"I see. Well?"
"Well, we sat before the fire and she asked me to make her a cocktail. She said she had had the blues and she wanted to be gay. So I mixed some cocktails and she took two, and she certainly was gay. I didn't know Penelope drank cocktails, but of course it was all right—lots of women do. Then she wanted to sit on the divan and she bolstered me up with pillows. She said she liked divans. I hate to tell you all this, sir."
"Go on, Chris."
"Pretty soon she wanted a cigarette and she began to blow smoke in my face, laughing and fooling and—finally she put her lips up so temptingly for another light that I ... I'll never forget how she bent over me and held my face between her two hands and kissed me slowly with a little sideways movement and told me to call her Fauvette—not Penelope. She said she hated the name Penelope. 'Call me Fauvette,' she said. 'I am your Fauvette, all yours.'"
"Extraordinary! This was the woman who had been furious with you only two nights before for daring to kiss her once?"
"Yes, sir. Now she was a siren, a wonderful, lithe creature, clinging to me. I almost lost control of myself. Once I caught her sharply by the shoulder—I tore her dress...."
Christopher stopped as the power of these memories overcame him. He covered his eyes with one hand, while the other clutched the chair arm.
The doctor waited.
"Well, sir," the young man resumed, "I don't know how I came through that night without dishonor, but I did. There was a moment of madness, then suddenly, distinctly, like a gentle bell I heard a voice inside me, a sort of spiritual voice saying two words that changed everything. 'Your wife!' That is what she was to be, my wife! I loved her. I must defend her against herself, against myself. And I did. I got her out of that place—somehow. I got her home—somehow. I have been through several battles, doctor, but this one was the hardest."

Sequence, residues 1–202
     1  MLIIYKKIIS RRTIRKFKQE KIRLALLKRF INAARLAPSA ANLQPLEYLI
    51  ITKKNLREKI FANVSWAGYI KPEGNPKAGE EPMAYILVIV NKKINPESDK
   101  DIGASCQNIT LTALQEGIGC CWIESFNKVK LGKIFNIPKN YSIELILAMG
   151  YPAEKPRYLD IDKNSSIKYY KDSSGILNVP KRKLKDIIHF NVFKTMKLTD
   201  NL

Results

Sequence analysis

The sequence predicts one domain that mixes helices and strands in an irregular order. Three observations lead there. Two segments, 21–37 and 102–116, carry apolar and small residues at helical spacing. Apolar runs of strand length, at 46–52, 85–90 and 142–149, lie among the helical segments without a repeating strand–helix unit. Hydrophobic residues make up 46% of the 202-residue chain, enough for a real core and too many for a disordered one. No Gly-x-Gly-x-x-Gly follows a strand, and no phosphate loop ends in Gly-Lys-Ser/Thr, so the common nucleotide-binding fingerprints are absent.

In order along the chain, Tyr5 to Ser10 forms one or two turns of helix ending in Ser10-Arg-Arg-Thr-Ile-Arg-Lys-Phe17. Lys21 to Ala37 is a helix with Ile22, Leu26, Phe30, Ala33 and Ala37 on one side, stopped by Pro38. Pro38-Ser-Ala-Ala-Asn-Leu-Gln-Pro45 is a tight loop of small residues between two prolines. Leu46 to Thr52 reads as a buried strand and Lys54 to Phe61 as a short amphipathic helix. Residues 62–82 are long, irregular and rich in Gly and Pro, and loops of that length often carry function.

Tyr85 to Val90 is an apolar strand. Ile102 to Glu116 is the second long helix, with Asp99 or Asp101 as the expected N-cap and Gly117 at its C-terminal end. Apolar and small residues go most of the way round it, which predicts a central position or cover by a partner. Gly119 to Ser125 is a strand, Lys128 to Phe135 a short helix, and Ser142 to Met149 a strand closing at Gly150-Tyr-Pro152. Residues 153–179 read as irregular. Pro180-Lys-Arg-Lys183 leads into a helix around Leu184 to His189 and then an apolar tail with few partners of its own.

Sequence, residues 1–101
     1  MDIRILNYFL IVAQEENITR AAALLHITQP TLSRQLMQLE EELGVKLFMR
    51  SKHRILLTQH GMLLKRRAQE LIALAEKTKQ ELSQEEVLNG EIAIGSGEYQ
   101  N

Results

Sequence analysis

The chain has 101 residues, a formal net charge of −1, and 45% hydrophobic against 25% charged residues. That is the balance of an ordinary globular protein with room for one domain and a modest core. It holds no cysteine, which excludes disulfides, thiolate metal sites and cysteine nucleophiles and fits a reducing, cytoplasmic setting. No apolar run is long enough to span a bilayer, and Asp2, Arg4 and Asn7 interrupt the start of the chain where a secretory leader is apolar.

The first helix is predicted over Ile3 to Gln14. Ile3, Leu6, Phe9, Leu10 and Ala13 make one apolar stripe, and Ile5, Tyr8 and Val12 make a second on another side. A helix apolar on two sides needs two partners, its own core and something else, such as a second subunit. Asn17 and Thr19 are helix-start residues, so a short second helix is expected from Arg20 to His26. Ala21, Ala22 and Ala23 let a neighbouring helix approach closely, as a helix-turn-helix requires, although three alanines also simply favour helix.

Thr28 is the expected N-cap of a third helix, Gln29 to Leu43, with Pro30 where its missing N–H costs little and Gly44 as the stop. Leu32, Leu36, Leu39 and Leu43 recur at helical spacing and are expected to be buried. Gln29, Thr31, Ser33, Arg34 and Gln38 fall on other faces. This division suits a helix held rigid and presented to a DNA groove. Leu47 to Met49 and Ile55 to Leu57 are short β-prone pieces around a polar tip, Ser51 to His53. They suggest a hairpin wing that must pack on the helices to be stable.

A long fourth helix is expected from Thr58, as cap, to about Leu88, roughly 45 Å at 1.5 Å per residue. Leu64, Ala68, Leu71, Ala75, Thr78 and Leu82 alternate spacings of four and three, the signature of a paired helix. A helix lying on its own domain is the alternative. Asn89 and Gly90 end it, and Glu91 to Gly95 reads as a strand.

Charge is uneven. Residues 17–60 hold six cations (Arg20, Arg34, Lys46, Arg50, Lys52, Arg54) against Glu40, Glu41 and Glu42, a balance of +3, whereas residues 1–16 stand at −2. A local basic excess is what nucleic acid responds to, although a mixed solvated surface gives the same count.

Captain Herrick drew a long sigh and sat silent.
"What's the answer, doctor?" he asked presently.
"I don't know, Chris. Upon my soul, I don't know."
(From Penelope's Diary)
Heaven help me! I have heard the words that sound my doom. I saw Dr. Owen this morning. It is all true—my dream, and what I saw myself do in the bowl of goldfish. True! I did those incredible things. I wore my red dress and my black hat. I went to Captain Herrick's studio. I lay down on the divan—everything is true. Oh, God, this is too horrible! How can I ever face Christopher again? I wish I could die!
Dr. Owen questioned me about the name Fauvette—why did I ask Christopher to call me Fauvette? I have no idea. I hate and despise that name. It brings up memories that I wish might be forever blotted out of my mind. That was the name Julian used to call me when he had been drinking. He would pretend that I was another person, Fauvette, and sometimes Fauvette would do things that I refused to do. Fauvette would yield to his over-powering physical charm and would say dreadful things, would enter into his mood and become just the sort of animal creature that he wanted. It was like a madness.